Here are six charts
that shed light on vMVPDs’ ups and downs over the course of 2020, with observations mostly from yours truly:
The vMVPD segment as a whole saw healthy 22% growth in subscriptions between Q4 2019 and Q4 2020, with a third of that growth coming in Q3 — when live sports began to return.
As you can see, Hulu + Live TV began the year with a nearly one-third share, and increased that advantage by 3 percentage points by Q4 2020. Second-place YouTube TV gained 5 percentage points of share over the period, to reach a 29% share. Sling TV’s performance was the most erratic, likely reflecting its series of aggressive promotions over the year. Fubo TV kept a steady 5% share, while AT&T TV Now lost 4 percentage points, ending with a 7% share.
Not surprisingly, consumers who use vMVPDs are highly receptive to promotional pricing, and shares of new sign-ups tend to closely reflect price promotions, price increases and programming changes.
For instance, Sling’s “Stay in & Sling!” promotion — which, in a twist on sampling, offered free access to some news and entertainment content without an account as the pandemic lockdown kicked in in March — drew fully 52% of vMVPD sign-ups during April, boosting its quarterly share of sign-ups to 39%.
On the other hand, price reactions don’t necessarily last very long. As we reported during the summer, YouTube TV hiked its price by $15, to $65, at the end of June. But this chart shows it still managed to increase its share of sign-ups by 3 percentage points in Q3. (Perhaps the addition of ViacomCBS channels helped?) Note: Hulu + Live TV also upped its price to $65, as of Dec. 18.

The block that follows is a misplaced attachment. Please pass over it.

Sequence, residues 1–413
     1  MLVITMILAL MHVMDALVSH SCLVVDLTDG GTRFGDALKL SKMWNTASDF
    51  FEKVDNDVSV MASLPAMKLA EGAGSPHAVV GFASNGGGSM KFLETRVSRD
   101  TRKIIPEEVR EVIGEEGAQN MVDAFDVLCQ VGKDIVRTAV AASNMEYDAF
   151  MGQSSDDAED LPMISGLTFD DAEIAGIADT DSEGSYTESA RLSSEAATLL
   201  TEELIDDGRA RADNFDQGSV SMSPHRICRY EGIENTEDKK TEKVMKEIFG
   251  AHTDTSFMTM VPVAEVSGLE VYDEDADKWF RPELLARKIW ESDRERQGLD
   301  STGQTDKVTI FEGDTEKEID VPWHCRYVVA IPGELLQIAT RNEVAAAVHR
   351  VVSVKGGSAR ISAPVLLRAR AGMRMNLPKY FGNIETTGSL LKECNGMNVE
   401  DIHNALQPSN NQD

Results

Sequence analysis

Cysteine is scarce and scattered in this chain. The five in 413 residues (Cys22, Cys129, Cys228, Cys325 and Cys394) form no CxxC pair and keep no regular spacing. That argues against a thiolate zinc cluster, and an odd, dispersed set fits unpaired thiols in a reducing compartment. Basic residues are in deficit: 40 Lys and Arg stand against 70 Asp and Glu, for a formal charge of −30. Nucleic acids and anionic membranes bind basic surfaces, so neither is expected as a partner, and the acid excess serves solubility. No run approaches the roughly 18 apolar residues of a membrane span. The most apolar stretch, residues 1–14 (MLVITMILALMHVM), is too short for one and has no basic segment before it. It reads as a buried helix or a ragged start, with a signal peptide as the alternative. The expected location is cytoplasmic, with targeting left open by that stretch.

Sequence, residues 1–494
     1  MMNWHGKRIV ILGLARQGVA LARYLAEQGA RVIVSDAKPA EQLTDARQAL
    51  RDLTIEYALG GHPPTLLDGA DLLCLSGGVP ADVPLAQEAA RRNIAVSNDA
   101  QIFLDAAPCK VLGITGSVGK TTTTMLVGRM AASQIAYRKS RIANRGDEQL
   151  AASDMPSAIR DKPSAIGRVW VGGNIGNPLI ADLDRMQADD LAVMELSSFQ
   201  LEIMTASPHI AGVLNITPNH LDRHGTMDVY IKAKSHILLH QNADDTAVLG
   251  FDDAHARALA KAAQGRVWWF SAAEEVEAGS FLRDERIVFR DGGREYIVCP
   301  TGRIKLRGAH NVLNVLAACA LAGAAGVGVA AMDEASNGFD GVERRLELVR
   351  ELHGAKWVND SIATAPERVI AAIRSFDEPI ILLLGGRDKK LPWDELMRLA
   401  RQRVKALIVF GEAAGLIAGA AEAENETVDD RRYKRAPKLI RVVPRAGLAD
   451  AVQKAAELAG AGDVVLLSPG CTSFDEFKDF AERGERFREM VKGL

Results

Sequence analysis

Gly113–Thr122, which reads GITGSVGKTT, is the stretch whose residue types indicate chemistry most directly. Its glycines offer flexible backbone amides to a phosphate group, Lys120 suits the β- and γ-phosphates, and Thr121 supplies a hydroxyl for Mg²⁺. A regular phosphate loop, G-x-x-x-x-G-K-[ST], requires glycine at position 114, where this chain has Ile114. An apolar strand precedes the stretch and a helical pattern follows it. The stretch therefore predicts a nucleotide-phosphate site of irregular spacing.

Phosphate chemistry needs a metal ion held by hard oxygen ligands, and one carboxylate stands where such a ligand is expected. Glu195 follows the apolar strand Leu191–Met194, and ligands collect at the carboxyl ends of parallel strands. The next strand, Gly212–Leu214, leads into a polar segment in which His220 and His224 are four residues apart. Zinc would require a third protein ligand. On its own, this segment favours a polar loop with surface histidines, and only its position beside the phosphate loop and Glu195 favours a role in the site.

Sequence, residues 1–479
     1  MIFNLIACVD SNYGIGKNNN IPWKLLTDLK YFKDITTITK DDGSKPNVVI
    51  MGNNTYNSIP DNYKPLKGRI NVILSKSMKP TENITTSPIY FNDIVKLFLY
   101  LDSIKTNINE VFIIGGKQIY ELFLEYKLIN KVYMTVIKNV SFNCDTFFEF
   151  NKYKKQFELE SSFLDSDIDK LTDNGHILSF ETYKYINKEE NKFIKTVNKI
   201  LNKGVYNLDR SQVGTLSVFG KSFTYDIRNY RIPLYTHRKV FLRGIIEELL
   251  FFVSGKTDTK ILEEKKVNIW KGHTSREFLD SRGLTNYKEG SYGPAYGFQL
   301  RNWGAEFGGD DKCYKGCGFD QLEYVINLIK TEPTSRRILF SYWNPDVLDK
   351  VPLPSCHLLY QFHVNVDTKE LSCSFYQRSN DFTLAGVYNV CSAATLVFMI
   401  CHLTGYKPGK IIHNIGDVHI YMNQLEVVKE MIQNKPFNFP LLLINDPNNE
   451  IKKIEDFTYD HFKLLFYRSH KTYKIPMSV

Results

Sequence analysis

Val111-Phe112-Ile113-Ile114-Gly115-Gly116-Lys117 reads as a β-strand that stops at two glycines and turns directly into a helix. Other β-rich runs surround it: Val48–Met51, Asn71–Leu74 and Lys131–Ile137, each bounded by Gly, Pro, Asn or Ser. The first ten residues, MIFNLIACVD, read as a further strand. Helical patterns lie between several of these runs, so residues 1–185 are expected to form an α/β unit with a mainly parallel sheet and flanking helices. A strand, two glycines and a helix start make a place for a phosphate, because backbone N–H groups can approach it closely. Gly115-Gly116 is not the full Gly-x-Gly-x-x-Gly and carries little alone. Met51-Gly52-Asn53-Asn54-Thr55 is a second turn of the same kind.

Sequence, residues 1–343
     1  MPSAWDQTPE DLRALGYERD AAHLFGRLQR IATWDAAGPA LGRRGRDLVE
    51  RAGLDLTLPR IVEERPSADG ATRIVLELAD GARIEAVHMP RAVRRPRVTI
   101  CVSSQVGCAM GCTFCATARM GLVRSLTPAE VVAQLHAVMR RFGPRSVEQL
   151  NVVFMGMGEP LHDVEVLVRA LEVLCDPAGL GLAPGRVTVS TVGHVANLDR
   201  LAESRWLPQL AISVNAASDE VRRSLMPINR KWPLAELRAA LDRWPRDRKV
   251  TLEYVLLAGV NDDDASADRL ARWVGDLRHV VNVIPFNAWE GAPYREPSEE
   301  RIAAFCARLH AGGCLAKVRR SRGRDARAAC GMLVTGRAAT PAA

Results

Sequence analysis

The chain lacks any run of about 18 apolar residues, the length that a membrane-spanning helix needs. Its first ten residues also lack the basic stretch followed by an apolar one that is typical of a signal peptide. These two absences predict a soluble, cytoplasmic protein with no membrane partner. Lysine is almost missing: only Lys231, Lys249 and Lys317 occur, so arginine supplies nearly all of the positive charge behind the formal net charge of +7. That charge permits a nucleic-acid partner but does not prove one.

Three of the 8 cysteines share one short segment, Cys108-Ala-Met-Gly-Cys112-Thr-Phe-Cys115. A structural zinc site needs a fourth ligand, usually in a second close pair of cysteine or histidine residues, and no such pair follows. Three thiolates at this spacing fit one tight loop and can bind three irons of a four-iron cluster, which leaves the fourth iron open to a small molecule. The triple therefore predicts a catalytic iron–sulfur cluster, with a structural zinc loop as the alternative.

With pandemic-driven streaming consumption increases in play and the resumption of some pro sports, the September to December 2020 period saw a 45% lift in vMVPDs’ total sign-ups compared to the same period in 2019.
This metric merges resubscribe data from all vMVPDs to show overall patterns. Overall resubscribe rates dropped to a low of 10% at the onset of the COVID-19 lockdown, but rebounded to a high of 24% when the NFL season began in September.
As with SVODs, vMVPDs offer free trial periods. Between November and December last year, Sling TV was the outstanding performer, with a 6% gain in its paid conversion rate, to 65%. Hulu + Live TV wasn’t far behind, at 60%, but its conversion rate was essentially flat. Fubo TV improved a bit, but still came in last, at 38%. YouTube TV and Philo both saw declines in conversion rates.
Here’s a look at what percentages of those who subscribed in January 2020 were still subscribers a year later.
What about churn rates? Suffice it to say that like SVODs, vMVPDs are quite subject to spikes in churn after price increases — particularly since, unlike many pay-TV providers, these alternative platforms make it easy and pretty much cost-free to switch their services off and on.
Harking back to the importance of sports, some vMVPD users switch on a service at the start of the NFL season, and switch it off after the Super Bowl.